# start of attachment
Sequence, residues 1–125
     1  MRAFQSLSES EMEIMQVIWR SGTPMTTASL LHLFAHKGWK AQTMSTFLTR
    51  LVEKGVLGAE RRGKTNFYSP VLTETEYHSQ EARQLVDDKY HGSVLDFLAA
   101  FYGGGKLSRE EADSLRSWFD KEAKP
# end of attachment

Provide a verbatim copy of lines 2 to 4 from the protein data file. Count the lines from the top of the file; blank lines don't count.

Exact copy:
     1  MRAFQSLSES EMEIMQVIWR SGTPMTTASL LHLFAHKGWK AQTMSTFLTR
    51  LVEKGVLGAE RRGKTNFYSP VLTETEYHSQ EARQLVDDKY HGSVLDFLAA
   101  FYGGGKLSRE EADSLRSWFD KEAKP